“As it would be in any industry! When you are no longer able to do the job you are paid for, the owner should have the right to release you. It is sound business principle. I do not operate my rail yards for men to mill about and receive monies for nothing. I expect a hard day’s work for an honest wage. The hardest working men receive more; the slothful and incompetent are released. This is the nature of the business.”

“I fear that is an unjust system; since the hardest working barely receive a living wage as it is. Higher wages for all would . . .”

“Would damn this country to the upheaval and strife scurrying across Europe! Why should I guarantee a good wage to someone who will not work hard? Why should there be no incentive to reach for?”

“There should be incentive; but the tendency is not to reward workers, but to punish them with unnatural ceilings on wages. That is what we have in the Empire. No matter how well I perform, I can earn no more than $2,000.00 in a season. Shouldn’t I or Frank Richardson be able to earn more if we are producing better than our fellows?”

“If you ask me, $2,000.00 is far too much to play a game.”

“Then we shall continue to disagree.”
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Old 07-11-2005, 03:14 PM   #136
fantastic flying froggies
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Viva la Revolucion!

(Selz, I really love your dynasty...)
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Old 07-12-2005, 03:01 PM   #137
SelzShoes
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1879-1880 Offseason

The sun glowed crimson over the Nebraska plains as a solitary buggy moved steadily across the budding plains. The long trip to Kansas City was well on its way giving Marshall Quisenberry and his father time to reflect. A year ago his father was dead set against the trip to Baltimore to play ball. “Too risky,” he had warned his son, “they’ll use you and not pay, I fear.” A summer later and now he was talking about using the money to buy adjoining land and being able to look forward to not owing the bank “everything we will ever have.”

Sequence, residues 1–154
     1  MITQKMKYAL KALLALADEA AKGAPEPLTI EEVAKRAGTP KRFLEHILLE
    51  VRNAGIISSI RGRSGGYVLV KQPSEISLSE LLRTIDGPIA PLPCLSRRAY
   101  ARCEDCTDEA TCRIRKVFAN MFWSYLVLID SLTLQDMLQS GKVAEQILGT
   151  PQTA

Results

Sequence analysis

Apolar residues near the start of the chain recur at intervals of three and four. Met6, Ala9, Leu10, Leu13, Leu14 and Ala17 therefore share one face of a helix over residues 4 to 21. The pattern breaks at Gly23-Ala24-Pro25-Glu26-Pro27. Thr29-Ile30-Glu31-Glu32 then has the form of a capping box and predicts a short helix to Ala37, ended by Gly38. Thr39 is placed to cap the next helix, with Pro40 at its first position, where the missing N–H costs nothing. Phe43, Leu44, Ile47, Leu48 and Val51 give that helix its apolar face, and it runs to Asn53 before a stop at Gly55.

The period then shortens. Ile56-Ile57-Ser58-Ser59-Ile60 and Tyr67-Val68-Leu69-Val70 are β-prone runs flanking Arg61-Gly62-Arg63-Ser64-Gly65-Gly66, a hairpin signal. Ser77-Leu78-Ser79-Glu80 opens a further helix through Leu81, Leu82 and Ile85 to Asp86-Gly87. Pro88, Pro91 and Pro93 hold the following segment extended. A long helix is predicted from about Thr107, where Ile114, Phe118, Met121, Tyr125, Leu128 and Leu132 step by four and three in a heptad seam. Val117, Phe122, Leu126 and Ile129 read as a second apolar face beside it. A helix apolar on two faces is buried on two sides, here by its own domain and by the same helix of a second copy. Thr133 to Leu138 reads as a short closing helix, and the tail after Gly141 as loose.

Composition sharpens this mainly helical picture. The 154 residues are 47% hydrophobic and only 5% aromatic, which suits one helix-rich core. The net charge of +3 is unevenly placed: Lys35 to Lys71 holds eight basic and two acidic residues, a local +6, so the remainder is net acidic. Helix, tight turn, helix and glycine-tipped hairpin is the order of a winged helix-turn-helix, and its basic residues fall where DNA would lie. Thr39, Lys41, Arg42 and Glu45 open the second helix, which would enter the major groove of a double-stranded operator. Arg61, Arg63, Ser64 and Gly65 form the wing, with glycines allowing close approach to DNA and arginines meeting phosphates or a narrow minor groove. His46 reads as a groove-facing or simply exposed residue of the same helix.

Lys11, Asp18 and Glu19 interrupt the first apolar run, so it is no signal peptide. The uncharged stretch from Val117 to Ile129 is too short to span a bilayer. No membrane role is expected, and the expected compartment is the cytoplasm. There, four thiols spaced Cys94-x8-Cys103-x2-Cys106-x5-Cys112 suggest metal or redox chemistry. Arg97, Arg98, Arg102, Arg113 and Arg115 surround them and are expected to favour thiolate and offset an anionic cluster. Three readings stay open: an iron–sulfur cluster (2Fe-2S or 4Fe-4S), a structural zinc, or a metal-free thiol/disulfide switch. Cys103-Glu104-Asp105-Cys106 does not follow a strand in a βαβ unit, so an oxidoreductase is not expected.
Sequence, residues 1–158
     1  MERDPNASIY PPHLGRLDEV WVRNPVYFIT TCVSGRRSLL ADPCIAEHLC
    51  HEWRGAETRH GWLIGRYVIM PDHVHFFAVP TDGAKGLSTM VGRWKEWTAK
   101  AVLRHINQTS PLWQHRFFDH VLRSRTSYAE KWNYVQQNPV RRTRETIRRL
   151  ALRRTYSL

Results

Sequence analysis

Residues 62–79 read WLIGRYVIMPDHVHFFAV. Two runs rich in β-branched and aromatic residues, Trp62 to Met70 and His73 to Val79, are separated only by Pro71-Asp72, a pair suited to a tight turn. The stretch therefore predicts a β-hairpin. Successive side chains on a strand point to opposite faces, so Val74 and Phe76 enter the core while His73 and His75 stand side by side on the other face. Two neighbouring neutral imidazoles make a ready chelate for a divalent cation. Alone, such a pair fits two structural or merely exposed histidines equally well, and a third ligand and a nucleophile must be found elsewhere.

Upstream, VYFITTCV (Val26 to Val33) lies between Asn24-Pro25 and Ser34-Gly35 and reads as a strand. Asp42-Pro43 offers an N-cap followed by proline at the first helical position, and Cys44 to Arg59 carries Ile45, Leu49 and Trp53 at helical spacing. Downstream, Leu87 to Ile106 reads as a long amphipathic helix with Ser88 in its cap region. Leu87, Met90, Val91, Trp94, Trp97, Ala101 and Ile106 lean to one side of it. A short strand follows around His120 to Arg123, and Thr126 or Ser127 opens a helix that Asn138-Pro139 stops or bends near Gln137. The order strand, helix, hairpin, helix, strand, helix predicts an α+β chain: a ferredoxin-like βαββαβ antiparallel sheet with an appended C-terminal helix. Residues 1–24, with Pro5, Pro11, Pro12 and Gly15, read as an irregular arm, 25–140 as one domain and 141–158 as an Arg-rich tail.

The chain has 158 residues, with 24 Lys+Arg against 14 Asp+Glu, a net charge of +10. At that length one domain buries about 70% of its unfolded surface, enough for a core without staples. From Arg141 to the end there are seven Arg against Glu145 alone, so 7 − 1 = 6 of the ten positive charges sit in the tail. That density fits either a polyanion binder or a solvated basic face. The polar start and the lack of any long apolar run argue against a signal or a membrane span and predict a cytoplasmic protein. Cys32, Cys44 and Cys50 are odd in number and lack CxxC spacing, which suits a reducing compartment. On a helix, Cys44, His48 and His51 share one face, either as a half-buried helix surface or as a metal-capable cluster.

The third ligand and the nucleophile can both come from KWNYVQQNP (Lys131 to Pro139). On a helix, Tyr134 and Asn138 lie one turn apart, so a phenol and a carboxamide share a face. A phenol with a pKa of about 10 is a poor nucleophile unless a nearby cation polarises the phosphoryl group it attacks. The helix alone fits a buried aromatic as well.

The slow trot continued over the hours, in time Marshall will be moving east in a Pullman sleeper; through cutting through half a country to Baltimore. All the boys on the club were rough hewn—farm boys, factory workers, miner’s sons all taking a chance to escape a life of gnarled hands and broken muscles. “When you spend your life sweating blood,” his father would say to him, “you never think anything better will come along.” There was still hard work in the fall and winter, but the weight of the world was breaking above them.

“You’ll try to make it to Saint Louis in July.”

His father nodded. “It’ll be hard, but with the extra money they are saying they’ll pay, I think your mother and I can do it.” The contract Baltimore offered raised Marshall’s salary from $900 to $1500 for the upcoming season, as the Columbia Association feared losing its few stars to the Empire. “Never thought a man could make so much money playing a game.”

“It’s just like those actors who come through with the Chautauqua, they make just as much or even more.”

“Yes, but people will pay to watch those plays and such—have been for a long long time. But how long have people been paying to watch ball games, and I’m not talking about the odd nickel here or there for those traveling clubs,” his father’s eyes looked off at the horizon. “Need to take it while you have the chance I suppose.” Quiet settled in over the buggy again.